Airport security can be confusing. In the US airports, you should remove your shoes and belt, and also take out the laptop and big tablets from your bag, as you pass through the security scanner. Elsewhere, it is not necessary to remove your shoes as long as the shoes do not look bulky or big. In China, I found that removing belt is not necessary. However, in addition to the laptop, you should also take the camera, power bank, and umbrellas out. It is interesting to note these differences though I am not quite sure of the reasoning behind these choices.

Traveling is always fun, though preparing for it and its aftermath are not always fun. Due to deadlines and busy schedules, I usually have to work while on travels too. This time was no exception, with a deadline to submit my paper coming close by. However, it is all good memories.

Saturday, February 24, 2018

Llovizna gets a new look

I have been busy ever since my return from KAUST on the 12th of December. I was often working 60 - 80 hours a week with many deadlines. I had the UCLouvain Confirmation at UNINOVA, Almada (the opposite side of the Tagus river). It was a rewarding experience. Besides, I also had a quick trip to Evora, exactly four years after I visited it for an EMDC Winter Event. Today, I decided to give a new look to my blog, switching from the black background to a brighter one with a larger font. More plans for March. Exciting times ahead.

Below is how my blog Llovizna (formerly known as, 'On my way home.' Renamed to 'Llovizna' on the January 6th, 2010) evolved over time.

'On my way home,' as of April 23, 2009:

As of October 2, 2009:


'Llovizna,' as of February 6, 2011:









As of February 22, 2018:

Friday, February 23, 2018

Twitter bots, trolls, fakes, parodies, and anonymous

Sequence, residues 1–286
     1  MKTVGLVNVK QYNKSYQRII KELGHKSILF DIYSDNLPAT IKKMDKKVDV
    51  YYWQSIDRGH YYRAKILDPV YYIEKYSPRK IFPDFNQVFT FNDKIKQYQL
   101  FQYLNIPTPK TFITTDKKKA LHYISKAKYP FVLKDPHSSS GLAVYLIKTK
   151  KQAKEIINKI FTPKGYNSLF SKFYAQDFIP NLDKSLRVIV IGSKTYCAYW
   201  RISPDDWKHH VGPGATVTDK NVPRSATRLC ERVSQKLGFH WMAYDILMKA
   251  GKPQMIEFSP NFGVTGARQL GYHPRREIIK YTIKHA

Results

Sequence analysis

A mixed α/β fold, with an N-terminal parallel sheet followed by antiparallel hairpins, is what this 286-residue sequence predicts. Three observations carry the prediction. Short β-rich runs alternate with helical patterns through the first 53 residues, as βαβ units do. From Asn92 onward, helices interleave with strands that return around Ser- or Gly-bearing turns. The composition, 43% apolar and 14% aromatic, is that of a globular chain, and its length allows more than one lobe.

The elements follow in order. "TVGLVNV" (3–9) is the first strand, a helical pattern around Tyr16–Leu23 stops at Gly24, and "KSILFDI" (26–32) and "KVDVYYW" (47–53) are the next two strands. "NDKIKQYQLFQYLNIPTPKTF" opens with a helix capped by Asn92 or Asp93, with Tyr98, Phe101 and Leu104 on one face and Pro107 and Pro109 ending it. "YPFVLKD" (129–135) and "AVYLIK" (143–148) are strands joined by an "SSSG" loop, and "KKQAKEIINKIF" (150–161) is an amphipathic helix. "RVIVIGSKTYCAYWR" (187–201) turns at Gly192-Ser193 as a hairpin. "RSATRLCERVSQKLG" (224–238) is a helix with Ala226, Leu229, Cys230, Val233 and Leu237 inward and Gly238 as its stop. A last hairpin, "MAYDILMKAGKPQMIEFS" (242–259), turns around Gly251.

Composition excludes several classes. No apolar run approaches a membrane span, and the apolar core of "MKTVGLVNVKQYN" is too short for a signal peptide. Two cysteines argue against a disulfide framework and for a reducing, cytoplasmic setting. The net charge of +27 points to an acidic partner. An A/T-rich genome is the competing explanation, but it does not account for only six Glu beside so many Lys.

Twitter indeed has numerous bots. But not every weird account that you encounter on Twitter is a bot. There is a clear difference among the bots, trolls, and fakes, though often the demarcation is vague.

First, a bot is not necessarily bad, though often bots are deployed with malicious intent, such as distributing propaganda and making viral content out of useless posts. Twitter bots are an economic model, with companies such as Devumi selling them to like, retweet, comment, and share your posts automatically for a price. 
 
I had two bots Llovizna and @on_my_way_home to tweet every time I post something to my blog. I stopped these accounts and their posts in 2016. I could have made these automated posts directly to my main Twitter account Pradeeban. In 2009, I chose to create proxy accounts to tweet my blog posts to keep my Twitter account under my entire control, with no automation.

People often confuse a bot with a fake account and an anonymous account. An anonymous account is usually genuine. It hides the real identity of the user but does not try to create an alter-ego or another personality for the human behind the user. An anonymous account may have 0 to 100% of identification information of the user. On the other hand, a fake account is intended to misrepresent someone. If I create an account with no information at all to post on sensitive topics, that is an anonymous account. On the other hand, if I pretend to be a princess from Sweden in my Twitter profile, that is a fake account.